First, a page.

Noah Gragson secured his spot in the next round by winning last weekend at Texas. Ryan Sieg holds the final transfer spot. Riley Herbst is the first driver below the cutline, one point behind Sieg. Also below the cutline are reigning series champion Daniel Hemric (-8 points), Brandon Jones (-12) and Jeremy Clements (-28).

Details for Saturday’s Xfinity race at Talladega Superspeedway

(All times Eastern)

START: The command to start engines will be given at 4:09 p.m. … Green flag is scheduled to wave at 4:21 p.m.

PRERACE: Xfinity garage opens at 1 p.m. … Driver introductions are at 3:30 p.m. … The invocation will be given at 4 p.m. … The Brookwood High School choir will perform the anthem at 4:02 p.m.

DISTANCE: The race is 113 laps (300.58 miles) on the 2.66-mile speedway.

STAGES: Stage 1 ends at Lap 25. Stage 2 ends at Lap 50.

TV/RADIO: USA Network will broadcast the race at 4 p.m. Countdown to Green begins at 3:30 p.m. on USA Network. … Motor Racing Network coverage begins at 3:30 p.m. and also will stream at mrn.com. SiriusXM NASCAR Radio will carry the MRN broadcast.

STREAMING: NBCsports.com

FORECAST: Weather Underground — Sunny with a high of 78 degrees and no chance of rain at the start of the race.

LAST TIME: Noah Gragson won and was followed by Jeffrey Earnhardt and AJ Allmendinger.

 

Could Talladega open door for a record 20th winner?

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Talladega Superspeedway is known for fast speeds, huge drafting packs, sensational wrecks and tight finishes.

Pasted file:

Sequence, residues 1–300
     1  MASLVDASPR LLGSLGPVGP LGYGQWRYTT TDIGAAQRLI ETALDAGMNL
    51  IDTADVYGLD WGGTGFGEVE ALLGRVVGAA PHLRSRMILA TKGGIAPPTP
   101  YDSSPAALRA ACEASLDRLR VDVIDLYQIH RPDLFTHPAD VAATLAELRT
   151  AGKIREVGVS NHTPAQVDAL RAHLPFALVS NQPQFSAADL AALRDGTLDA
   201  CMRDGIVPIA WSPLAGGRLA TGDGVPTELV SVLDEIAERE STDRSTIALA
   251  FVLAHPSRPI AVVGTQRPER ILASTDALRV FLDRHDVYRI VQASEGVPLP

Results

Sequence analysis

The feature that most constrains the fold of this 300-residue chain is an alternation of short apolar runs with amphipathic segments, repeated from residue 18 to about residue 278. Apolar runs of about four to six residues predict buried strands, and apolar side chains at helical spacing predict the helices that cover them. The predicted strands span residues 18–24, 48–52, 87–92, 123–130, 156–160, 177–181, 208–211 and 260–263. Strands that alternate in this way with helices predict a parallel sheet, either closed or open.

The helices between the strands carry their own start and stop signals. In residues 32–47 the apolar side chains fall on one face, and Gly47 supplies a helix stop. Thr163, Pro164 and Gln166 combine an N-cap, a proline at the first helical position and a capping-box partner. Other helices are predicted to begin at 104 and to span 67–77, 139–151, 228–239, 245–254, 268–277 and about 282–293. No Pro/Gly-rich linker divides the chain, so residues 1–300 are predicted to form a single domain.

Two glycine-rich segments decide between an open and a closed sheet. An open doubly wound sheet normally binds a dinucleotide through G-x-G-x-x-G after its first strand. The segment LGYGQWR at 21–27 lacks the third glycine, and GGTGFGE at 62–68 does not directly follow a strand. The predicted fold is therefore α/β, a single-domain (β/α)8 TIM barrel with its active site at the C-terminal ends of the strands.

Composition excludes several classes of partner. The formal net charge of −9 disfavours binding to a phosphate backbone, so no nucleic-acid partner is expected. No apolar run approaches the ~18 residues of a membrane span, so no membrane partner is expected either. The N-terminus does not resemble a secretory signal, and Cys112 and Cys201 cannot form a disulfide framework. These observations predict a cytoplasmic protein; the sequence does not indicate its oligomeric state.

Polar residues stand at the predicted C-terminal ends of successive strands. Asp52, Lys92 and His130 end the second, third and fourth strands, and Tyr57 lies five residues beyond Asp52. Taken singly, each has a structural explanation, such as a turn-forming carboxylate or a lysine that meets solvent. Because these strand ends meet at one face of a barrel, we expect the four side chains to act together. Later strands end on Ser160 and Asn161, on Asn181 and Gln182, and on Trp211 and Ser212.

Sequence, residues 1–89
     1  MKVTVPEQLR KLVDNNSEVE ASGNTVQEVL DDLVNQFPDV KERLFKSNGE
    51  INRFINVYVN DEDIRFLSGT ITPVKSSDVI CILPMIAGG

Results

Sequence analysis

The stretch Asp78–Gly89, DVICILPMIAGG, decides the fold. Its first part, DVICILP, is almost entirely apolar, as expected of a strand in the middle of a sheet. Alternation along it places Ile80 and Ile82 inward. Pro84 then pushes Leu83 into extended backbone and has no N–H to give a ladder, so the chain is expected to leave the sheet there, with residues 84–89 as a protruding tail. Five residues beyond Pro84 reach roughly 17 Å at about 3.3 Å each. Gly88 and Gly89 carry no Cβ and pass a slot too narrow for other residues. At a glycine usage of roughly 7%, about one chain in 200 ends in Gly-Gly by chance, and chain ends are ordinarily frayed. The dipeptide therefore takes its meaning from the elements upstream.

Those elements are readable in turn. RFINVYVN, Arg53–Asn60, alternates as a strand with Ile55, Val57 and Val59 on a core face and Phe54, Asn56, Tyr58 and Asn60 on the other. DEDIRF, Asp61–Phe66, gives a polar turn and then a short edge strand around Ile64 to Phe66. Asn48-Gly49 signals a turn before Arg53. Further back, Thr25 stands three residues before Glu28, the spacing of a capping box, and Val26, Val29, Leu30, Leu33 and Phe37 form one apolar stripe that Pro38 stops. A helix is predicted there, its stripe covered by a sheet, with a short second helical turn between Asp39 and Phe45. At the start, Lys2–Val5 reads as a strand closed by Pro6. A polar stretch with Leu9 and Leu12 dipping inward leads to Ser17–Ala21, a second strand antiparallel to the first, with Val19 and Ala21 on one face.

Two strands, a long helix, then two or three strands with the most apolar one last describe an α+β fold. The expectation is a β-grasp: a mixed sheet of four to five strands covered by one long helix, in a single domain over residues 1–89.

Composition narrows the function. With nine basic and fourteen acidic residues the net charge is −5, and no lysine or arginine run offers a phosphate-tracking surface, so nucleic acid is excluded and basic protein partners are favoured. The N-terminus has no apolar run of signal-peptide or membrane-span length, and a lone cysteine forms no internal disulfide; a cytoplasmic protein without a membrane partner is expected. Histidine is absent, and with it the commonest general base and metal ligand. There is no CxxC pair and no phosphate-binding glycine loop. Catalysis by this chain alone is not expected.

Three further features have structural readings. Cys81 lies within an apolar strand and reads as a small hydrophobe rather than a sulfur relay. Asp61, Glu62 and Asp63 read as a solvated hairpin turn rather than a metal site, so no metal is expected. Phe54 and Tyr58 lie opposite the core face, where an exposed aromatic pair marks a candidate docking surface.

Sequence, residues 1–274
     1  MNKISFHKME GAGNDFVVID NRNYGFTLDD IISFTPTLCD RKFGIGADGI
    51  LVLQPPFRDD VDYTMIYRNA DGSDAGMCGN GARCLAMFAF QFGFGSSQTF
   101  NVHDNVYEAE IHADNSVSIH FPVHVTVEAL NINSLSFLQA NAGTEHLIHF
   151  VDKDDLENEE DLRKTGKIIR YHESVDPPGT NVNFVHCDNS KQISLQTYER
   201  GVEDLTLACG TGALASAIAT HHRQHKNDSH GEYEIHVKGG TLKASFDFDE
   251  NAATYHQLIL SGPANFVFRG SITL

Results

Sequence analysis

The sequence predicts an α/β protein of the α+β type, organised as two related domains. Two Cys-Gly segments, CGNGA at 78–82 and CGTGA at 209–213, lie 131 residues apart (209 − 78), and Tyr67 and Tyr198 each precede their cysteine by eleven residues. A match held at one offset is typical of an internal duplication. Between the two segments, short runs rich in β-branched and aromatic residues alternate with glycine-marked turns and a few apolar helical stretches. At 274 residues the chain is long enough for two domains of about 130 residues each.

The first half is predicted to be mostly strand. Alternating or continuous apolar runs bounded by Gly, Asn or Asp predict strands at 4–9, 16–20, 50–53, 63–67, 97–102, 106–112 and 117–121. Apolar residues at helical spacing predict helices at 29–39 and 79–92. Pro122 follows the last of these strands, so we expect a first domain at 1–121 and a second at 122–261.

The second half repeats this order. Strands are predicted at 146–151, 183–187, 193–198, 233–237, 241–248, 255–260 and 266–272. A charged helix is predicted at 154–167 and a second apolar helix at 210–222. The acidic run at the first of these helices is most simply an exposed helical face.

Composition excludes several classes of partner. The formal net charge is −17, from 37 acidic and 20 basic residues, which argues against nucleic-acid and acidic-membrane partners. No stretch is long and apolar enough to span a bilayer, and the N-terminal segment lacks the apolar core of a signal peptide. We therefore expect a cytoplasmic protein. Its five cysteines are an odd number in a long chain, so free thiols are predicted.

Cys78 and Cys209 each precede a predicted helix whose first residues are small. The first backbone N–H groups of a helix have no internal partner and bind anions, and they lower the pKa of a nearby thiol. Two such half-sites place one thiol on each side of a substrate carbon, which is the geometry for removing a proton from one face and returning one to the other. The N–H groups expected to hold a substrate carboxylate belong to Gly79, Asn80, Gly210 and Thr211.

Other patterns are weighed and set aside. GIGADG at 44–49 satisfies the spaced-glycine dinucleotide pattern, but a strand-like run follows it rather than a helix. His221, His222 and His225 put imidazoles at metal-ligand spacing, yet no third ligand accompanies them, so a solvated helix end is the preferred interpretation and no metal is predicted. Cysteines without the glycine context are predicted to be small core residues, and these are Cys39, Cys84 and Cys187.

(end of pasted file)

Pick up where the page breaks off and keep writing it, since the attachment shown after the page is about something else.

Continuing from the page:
On Sunday (2 p.m. ET on NBC), it could be the site of an unexpected record.

Nineteen different drivers have won Cup races this season, tying a record. If a new winner shows up in Talladega victory lane Sunday, it will mark the first time in the sport’s history that 20 drivers have won races in a single season.

One of the remarkable things about that possibility is that the driver who has far and away the best record at Talladega among active drivers is among the group still looking for a win in 2022. That’s Brad Keselowski, who has won six times at NASCAR’s biggest track. No other active driver has more than three. (Keselowski is tied for second on the all-time Talladega win list with Dale Earnhardt Jr. and Jeff Gordon. Dale Earnhardt tops that list with 10).

Talladega and Daytona tend to reject repeat winners. The past nine races at the two tracks have been won by nine different drivers.

Other seasonal non-winners who could break through at Talladega:

Ryan BlaneyBlaney’s only win this year is in the All-Star Race, so he’s still looking for his first points win while continuing to chase the championship. He won at Talladega in 2019 and 2020.

Martin Truex Jr. — Superspeedways have been a pox on Truex’s career. In 70 races at Talladega and Daytona, he has failed to win.

Aric Almirola — In what has been a disappointing season, Almirola’s best finish is a fifth — twice. He won at Talladega in 2018 but hasn’t had a top 10 in his last four runs there.

Michael McDowell — McDowell’s best finish at Talladega is a third, but he is usually very competitive in the Talladega and Daytona drafts, winning the 2021 Daytona 500.

Ricky Stenhouse Jr. — Stenhouse won at Talladega in 2017 and usually is a factor in the draft.

Harrison Burton — Burton has had a tough rookie season, but the peculiarities of the Talladega draft should play in his favor. The No. 21 team’s next win will be its 100th.

Justin Haley — Haley has no top-10 runs in five Talladega starts, but he showed potential last week with a third-place finish at Texas.

Corey LaJoie — LaJoie has started nine Cup races at Talladega and has led exactly one lap. His best finish is a seventh.

Noah Gragson — Gragson, the star of this Xfinity season, is in the No. 48 for Hendrick Motorsports with Alex Bowman out because of concussion-like symptoms. In the Talladega draft he could be a threat.